Sunday, May 30, 2004

My answers to Tom Beckett's questions on why people write poetry

Tom Beckett asked a couple of days ago for people to comment on why they wrote poetry. My answers below.

1) What inspires you to write poetry in both the short- and long-term? In other words: what gets you started, and what keeps you going?

I write poetry because I can. This is not the glib or simplistic answer it may seem at first glance. It is a statement of fact. But once you accept that fact then your thoughts, your vision(s) become clouded by it. I once wrote “there is a poem / in everything.” I still believe it although I must admit that timing & the angle of reflection/refraction play their part. I do not believe that you write because you have something to say for we all have something to say, can all find something to say. We write because we can, because we enjoy it, because we have the opportunity. It matters to us; & if we find that what we do moves other people then that is a bonus.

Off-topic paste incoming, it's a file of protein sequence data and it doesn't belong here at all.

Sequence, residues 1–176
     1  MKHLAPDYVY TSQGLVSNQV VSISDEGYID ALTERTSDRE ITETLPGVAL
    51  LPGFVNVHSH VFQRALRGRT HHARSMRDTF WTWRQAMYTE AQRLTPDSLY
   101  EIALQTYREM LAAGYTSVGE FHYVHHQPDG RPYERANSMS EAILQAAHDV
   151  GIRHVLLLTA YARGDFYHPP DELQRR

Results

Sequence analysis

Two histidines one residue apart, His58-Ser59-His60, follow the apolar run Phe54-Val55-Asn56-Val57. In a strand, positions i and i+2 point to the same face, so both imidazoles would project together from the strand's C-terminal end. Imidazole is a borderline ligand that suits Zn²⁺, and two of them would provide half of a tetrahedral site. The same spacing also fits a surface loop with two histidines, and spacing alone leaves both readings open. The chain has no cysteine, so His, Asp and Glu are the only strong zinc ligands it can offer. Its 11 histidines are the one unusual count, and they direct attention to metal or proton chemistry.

2) Is poetry the primary genre that you work within? If so, why? If not, why?

Poetry is my primary genre because it is what I am most comfortable with plus I am writing for myself. That said, what I have learnt from writing poetry spills over into what I write for other people – manuals, proposals, reviews, university assignments when I was doing them, etc. Writing poetry can be as hard & as frustrating as any of these & often not as self-satisfying, but it is a challenge you have chosen for yourself.

3) Do you believe that a poet has any special sort of social responsibility?

Yes. I believe all poetry to be political. & social. They relect our views, our stance on life, no matter what we are writing about. Maybe not overtly so but given the opportunity we should speak out. We should not subjugate what we believe to be right when we write.

4) What does writing poetry do for you? Why does poetry matter?

It keeps me sane, it drives me mad. It is the only time I ever take risks. I can think of no better answer than to point to my alltime favourite poem, Lawrence Ferlinghetti’s “Constantly risking absurdity & death…”.

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